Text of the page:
Spectral and geographical variability in the oceanic response to atmospheric pressure fluctuations, as inferred from “dynamic barometer” Green's functions

Edited: 2011-02-21
TitleSpectral and geographical variability in the oceanic response to atmospheric pressure fluctuations, as inferred from “dynamic barometer” Green's functions
Publication TypeJournal Article
Year of Publication2010
AuthorsDey, N., and S. Dickman
JournalJournal of Geophysical Research (Oceans)
Volume115
Pagination09026
Date Published09/2010
Keywordsatmospheric_pressure
AbstractA decade ago, a novel theoretical approach was developed (Dickman, 1998) for determining the dynamic response of the oceans to atmospheric pressure variations, a response nicknamed the “dynamic barometer” (DB), and the effects of that response on Earth's rotation. This approach employed a generalized, spherical harmonic ocean tide model to compute oceanic Green's functions, the oceans' fluid dynamic response to unit-amplitude pressure forcing on various spatial and temporal scales, and then construct rotational Green's functions, representing the rotational effects of that response. When combined with the observed atmospheric pressure field, the rotational Green's functions would yield the effects of the DB on Earth's rotation. The Green's functions reflect in some way the geographical and spectral sensitivity of the oceans to atmospheric pressure forcing. We have formulated a measure of that sensitivity using a simple combination of rotational Green's functions. We find that the DB response of the oceans to atmospheric pressure forcing depends significantly on geographic location and on frequency. Compared to the inverted barometer (IB) (the traditional static model), the DB effects differ slightly at long periods but become very different at shorter periods. Among all the responses, the prograde polar motion effects are the most dynamic, with large portions of the North Atlantic and some of the North Pacific no larger than one third of IB, but most of the Southern Hemisphere oceans at least 50% greater than IB.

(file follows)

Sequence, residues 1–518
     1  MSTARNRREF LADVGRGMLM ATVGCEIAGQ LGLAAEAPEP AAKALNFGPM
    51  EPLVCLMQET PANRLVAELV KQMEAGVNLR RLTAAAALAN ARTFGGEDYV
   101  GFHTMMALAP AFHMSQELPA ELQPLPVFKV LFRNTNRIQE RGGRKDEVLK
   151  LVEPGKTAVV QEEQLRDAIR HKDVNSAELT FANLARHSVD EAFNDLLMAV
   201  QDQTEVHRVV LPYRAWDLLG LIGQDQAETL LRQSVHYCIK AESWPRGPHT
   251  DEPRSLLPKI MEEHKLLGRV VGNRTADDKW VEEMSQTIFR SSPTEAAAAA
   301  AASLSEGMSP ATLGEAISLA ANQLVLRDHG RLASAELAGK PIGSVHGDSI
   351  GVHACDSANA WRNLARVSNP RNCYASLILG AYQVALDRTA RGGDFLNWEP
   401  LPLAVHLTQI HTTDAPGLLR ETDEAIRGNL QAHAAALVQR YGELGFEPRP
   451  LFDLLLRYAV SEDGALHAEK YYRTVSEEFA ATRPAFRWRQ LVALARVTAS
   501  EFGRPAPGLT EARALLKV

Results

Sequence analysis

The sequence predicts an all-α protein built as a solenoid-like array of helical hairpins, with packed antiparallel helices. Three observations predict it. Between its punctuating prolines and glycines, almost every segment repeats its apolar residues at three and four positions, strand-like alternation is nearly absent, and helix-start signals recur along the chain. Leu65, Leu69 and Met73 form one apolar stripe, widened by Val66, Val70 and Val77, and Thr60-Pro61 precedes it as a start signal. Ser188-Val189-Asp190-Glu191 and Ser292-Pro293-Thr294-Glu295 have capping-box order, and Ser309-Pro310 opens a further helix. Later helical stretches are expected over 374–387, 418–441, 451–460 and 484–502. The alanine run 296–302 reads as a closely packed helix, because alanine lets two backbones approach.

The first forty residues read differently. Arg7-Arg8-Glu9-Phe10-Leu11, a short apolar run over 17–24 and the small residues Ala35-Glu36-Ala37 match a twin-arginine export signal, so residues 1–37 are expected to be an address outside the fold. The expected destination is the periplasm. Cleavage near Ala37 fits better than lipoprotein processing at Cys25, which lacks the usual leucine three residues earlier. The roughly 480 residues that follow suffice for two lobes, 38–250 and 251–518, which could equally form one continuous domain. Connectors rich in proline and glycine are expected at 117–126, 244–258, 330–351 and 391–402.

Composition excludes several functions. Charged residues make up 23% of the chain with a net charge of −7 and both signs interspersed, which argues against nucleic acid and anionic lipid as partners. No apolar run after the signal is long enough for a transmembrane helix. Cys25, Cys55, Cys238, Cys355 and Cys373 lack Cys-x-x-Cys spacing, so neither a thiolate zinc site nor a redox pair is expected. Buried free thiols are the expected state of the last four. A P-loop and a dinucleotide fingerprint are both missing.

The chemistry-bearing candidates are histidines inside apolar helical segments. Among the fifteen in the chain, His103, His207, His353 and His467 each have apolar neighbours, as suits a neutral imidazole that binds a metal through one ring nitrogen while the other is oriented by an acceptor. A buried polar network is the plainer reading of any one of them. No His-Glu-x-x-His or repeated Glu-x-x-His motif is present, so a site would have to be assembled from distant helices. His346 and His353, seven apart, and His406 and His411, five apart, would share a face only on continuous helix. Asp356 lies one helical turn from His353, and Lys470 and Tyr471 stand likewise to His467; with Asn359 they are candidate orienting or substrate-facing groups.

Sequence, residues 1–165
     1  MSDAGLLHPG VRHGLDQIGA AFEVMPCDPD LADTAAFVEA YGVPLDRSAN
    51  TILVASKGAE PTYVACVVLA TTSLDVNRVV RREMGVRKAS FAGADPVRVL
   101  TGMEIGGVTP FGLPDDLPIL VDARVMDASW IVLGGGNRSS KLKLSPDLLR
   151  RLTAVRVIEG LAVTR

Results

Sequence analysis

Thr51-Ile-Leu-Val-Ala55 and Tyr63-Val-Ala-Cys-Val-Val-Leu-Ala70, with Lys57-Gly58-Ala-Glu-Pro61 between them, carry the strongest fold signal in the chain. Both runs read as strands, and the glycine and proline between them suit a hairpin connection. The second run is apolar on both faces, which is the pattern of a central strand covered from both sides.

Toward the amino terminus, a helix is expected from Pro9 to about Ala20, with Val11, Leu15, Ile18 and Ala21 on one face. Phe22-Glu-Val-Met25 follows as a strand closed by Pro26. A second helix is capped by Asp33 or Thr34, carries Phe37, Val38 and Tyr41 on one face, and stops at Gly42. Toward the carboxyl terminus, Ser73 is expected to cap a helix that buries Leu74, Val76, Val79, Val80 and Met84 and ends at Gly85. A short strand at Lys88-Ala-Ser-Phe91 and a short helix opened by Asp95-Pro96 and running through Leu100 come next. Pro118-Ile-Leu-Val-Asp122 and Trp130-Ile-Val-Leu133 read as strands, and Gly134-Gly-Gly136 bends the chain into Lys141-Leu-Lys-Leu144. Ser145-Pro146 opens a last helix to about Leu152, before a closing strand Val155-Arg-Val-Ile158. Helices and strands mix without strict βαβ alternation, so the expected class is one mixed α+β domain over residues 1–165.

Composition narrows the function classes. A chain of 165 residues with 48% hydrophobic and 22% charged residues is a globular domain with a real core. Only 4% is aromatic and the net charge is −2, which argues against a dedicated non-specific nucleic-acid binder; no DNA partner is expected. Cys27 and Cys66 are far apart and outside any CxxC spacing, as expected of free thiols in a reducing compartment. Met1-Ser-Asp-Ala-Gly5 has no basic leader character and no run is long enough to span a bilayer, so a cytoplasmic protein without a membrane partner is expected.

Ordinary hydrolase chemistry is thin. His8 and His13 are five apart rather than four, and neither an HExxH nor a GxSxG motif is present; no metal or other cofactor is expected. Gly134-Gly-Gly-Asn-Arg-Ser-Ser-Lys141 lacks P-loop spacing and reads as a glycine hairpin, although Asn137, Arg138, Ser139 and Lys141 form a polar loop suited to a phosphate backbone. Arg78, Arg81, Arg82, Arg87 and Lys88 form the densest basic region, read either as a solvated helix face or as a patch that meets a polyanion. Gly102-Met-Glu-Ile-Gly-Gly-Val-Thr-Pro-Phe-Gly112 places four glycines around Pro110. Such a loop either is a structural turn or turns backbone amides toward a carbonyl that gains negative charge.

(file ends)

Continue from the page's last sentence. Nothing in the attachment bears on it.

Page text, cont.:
URLhttp://adsabs.harvard.edu/abs/2010JGRC..11509026D
DOI10.1029/2009JC005609